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Life course socioeconomic position and DNA methylation age acceleration in mid-life
  1. Anitha George1,
  2. Rebecca Hardy2,
  3. Juan Castillo Fernandez3,
  4. Yvonne Kelly1,
  5. Jane Maddock4
  1. 1 Department of Epidemiology & Public Health, UCL, London, UK
  2. 2 UCL Social Research Institute, UCL, London, UK
  3. 3 Department of Twin Research & Genetic Epidemiology, King's College London, London, UK
  4. 4 MRC Unit for Lifelong Health and Ageing, Faculty of Population Health, UCL, London, UK
  1. Correspondence to Anitha George, Department of Epidemiology & Public Health, UCL, London WC1E 7HB, UK;{at}


Background Ageing biomarkers can help us better understand how well-established socioeconomic position (SEP) disparities in ageing occur. A promising new set of DNAm methylation (DNAm)-based ageing biomarkers indicate through their age acceleration (AA) measures if biological ageing is slower or faster than chronological ageing. Few studies have investigated the association between SEP and DNAm AA.

Methods We used linear regression to examine the sex-adjusted relationships between childhood social class, adult social class, intergenerational social class change, education and adult household earnings with first (Horvath AA and Hannum AA) and second generation (PhenoAge AA and GrimAge AA) DNAm AA markers using data from the MRC National Survey of Health and Development.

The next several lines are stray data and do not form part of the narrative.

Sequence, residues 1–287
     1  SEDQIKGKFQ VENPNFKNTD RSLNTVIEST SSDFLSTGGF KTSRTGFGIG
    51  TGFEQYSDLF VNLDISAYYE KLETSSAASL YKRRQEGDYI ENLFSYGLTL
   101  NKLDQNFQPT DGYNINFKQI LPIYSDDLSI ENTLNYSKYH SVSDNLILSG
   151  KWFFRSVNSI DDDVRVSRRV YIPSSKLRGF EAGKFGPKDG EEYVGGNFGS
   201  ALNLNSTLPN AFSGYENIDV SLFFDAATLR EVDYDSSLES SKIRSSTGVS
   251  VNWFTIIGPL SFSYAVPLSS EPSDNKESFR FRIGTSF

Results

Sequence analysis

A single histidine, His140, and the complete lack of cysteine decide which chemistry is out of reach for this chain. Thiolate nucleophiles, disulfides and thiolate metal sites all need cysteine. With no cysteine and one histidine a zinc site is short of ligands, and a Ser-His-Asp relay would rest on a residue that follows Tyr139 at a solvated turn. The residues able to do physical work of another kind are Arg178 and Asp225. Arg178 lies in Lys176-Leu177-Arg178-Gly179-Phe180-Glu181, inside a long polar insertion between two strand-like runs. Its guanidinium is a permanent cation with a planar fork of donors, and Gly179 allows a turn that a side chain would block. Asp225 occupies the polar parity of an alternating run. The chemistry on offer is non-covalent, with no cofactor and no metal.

Results In the first-generation biomarkers, there was little evidence of any associations with Horvath AA but associations of childhood social class and income with Hannum AA were observed. Strong associations were seen between greater disadvantage in childhood and adult SEP and greater AA in the second generation biomarkers. For example, those with fathers in an unskilled occupational social class in childhood had 3.6 years greater PhenoAge AA (95% CI 1.8 to 5.4) than those with fathers from a professional social class. Individuals without qualifications had higher AA compared with those with higher education (4.1 years greater GrimAge AA (95% CI 3.1 to 5.0)).

Conclusion Our findings highlight the importance of exposure to social disadvantage in childhood to the biological ageing process. The second generation clocks appear to be more sensitive to the accumulation of social disadvantage across the life course.

  • ageing
  • health inequalities
  • social and life-course epidemiology
  • socio-economic

Data availability statement

Data may be obtained from a third party and are not publicly available. Data used in this publication are available to bona fide researchers upon request to the NSHD Data Sharing Committee via a standard application procedure. Further details can be found at doi: 10.5522/NSHD/S201.

This is an open access article distributed in accordance with the Creative Commons Attribution 4.0 Unported (CC BY 4.0) license, which permits others to copy, redistribute, remix, transform and build upon this work for any purpose, provided the original work is properly cited, a link to the licence is given, and indication of whether changes were made. See:

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Socioeconomic differences in health have been reported across populations and age groups.1 2 A body of evidence links disadvantaged childhood and adult socioeconomic position (SEP) to adverse age-related outcomes, such as frailty.3 There is also evidence of a social gradient in health at older ages.4 Consequently, there is an ongoing interest in understanding how disadvantage translates to less favourable ageing processes.

Ageing is the time-related gradual deterioration of physiological function and greater susceptibility to death.5 Ageing biomarkers are defined as biological parameters that in the absence of disease, predict later age functional capability more effectively than chronological age.6 One promising set of ageing biomarkers are those calculated from DNA methylation (DNAm) levels at specific CpG (cytosine-phosphate-guanine) sites.7